Let’s be honest, I’m asking people to answer 10 questions correctly in 60 seconds — including spelling. Even if you’re picking a category you’re super familiar with, you may not get all ten. In my testing, I usually got around 8/10 for most categories and I wrote the damn questions.

So I wanted to balance for the likelihood that people who pass the challenge get 6-8 questions right and if they get 9 or even 10, they should get something awesome.

Here’s how that turned out.

5 questions or fewer correct: BZZT! Sorry, please try again tomorrow.

6 questions correct:

  • Visit from the Wise Water Spirit to encourage them
  • Replenishment of energy
  • The ability to continue down the river

7 or 8 questions correct:

  • All of the above, plus…
  • Moving a distance down the river, courtesy of the Wise Water Spirit

9 questions correct:

  • All of the above, plus…
  • Three Fire Opals. I won’t go into what these do specifically, but they’ll be a form of currency.

10 questions correct:

  • All of the above, plus…
  • A companion for your travels!

Listen, I was heavily influenced by the BBS games of my youth, okay? When I thought about my favourite moments from Legend of the Red Dragon, I thought about getting a horse that would extend your day. So I decided to incorporate a (temporary) companion for your travels if you manage to get ten questions right. The companion is a large turtle (tortoise? I’m calling it a turtle.) and will make your journey down the river more expeditious, shall we say. That said, at maintenance, the turtle can decide to leave you and go on his merry way. There will be a maximum number of days the turtle will accompany you, too.

The most fun bit is that, back in Grade 8, me and three of the girls in my class at school decided to get turtles and we’d take care of them in the school’s bio lab. My friend, V, named hers Tiny, I named mine Wriggles, another girl, J, named hers Hugo, and then F brought one of her turtles from home whose name was Ribbit.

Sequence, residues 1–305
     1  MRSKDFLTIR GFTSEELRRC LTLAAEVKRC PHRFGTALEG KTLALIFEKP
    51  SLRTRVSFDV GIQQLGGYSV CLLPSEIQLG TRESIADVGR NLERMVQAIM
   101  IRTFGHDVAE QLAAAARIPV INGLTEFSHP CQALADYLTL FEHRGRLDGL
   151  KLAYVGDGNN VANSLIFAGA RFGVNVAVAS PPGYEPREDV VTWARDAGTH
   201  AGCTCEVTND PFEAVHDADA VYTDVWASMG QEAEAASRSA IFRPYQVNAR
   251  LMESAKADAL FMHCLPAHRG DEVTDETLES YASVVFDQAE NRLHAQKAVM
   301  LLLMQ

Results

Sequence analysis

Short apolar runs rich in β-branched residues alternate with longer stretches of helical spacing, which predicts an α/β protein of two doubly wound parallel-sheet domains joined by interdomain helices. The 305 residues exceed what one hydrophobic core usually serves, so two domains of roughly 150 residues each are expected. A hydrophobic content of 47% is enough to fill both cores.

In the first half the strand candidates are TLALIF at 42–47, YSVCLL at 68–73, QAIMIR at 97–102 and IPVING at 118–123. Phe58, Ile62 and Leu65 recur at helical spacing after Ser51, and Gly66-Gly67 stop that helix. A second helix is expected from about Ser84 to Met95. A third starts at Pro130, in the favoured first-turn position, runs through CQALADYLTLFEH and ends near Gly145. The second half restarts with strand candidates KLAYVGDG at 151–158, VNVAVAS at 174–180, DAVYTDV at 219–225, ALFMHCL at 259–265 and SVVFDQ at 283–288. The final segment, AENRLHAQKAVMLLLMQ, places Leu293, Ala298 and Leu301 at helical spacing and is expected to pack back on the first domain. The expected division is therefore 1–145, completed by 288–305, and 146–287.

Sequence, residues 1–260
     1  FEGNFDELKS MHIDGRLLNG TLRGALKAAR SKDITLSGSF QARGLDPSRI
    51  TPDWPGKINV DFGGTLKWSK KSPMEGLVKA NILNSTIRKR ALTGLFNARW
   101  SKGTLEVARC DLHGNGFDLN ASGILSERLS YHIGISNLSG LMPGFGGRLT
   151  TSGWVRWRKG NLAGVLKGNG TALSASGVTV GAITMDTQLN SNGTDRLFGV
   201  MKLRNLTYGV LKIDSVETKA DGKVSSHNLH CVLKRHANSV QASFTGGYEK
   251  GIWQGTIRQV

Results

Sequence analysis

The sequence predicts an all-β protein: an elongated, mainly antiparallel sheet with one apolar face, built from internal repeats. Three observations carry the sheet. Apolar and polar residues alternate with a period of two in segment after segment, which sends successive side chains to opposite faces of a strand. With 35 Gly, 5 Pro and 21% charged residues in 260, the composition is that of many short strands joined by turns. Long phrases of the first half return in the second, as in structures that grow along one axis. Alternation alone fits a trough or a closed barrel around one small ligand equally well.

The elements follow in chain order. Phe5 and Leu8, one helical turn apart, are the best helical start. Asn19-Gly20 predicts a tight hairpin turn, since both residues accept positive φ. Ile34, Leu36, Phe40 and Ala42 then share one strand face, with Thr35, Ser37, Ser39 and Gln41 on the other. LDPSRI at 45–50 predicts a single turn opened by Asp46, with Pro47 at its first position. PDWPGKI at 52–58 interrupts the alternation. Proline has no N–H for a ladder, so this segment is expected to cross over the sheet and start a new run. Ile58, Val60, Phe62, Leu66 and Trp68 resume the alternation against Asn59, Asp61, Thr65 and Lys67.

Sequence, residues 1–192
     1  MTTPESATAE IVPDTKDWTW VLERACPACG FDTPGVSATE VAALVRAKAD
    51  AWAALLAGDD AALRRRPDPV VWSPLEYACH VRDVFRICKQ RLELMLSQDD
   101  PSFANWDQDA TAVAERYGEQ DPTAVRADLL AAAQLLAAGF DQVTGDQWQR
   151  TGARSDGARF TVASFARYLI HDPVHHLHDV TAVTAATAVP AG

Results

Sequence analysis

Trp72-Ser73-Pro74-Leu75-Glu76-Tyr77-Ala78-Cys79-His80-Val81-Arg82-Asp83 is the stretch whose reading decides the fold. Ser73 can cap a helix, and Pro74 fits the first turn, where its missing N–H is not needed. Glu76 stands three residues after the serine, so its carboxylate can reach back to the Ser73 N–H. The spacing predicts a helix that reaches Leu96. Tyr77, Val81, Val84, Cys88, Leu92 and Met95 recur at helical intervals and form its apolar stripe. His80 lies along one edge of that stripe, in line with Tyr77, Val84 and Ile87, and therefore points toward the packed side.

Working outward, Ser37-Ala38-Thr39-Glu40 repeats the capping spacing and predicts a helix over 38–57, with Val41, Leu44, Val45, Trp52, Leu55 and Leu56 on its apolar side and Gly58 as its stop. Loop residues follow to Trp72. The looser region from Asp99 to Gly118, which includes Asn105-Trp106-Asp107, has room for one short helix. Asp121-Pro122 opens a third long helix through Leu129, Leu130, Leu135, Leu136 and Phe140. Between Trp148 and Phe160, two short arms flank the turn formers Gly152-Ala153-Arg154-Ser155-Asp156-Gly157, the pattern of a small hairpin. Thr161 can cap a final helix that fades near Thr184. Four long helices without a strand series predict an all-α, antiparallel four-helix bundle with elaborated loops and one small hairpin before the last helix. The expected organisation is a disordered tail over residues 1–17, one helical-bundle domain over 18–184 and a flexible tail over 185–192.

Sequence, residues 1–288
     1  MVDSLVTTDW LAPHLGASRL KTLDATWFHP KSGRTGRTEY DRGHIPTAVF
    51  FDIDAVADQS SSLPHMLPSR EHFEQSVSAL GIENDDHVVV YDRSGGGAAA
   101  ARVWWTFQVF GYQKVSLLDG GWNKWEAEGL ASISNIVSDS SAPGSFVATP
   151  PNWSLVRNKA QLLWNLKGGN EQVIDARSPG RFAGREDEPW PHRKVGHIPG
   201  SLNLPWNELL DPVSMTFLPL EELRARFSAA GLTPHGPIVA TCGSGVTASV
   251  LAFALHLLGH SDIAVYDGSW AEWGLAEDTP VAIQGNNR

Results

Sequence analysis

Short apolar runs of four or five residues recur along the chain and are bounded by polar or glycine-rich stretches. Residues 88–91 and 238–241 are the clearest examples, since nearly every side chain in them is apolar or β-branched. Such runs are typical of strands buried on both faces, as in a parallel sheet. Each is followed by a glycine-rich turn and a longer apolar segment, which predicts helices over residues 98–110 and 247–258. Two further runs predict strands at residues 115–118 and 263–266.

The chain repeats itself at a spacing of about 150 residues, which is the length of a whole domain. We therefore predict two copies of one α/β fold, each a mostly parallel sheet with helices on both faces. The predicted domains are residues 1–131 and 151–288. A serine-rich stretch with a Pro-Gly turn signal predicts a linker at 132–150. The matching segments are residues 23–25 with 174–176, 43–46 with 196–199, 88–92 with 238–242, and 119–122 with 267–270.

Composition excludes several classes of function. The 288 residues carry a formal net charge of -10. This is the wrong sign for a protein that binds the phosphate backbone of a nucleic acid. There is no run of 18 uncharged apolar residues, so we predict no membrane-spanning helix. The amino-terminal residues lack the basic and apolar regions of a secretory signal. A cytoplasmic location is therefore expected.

There’s a very long story here in which J’s friend (and my future best friend, but I definitely didn’t like her at first), nearly killed all the turtles by mistake, but, frankly, that’s a story for another time…

Anyway, I decided that if I was adding a turtle, by golly, that turtle will have a name and there’s a random chance that its name will be either Tiny, Wriggles, Hugo or Ribbit. I’m ridiculously pleased by this. Not only am I adding something cool, but it’s meaningful to me personally because of the names and because of the concept coming from the coolest event in that old BBS game.

So I spent a lot of time modifying the database to ensure that it could handle all the things I needed to add — turtle stuff, Fire Opal stuff… Then, I had to start writing functions to ensure that the database changes happen based on the score you get. So I got that bit done tonight and then I got to start writing the encounter with the Wise Water Spirit, depending on your score, and did that tonight, too.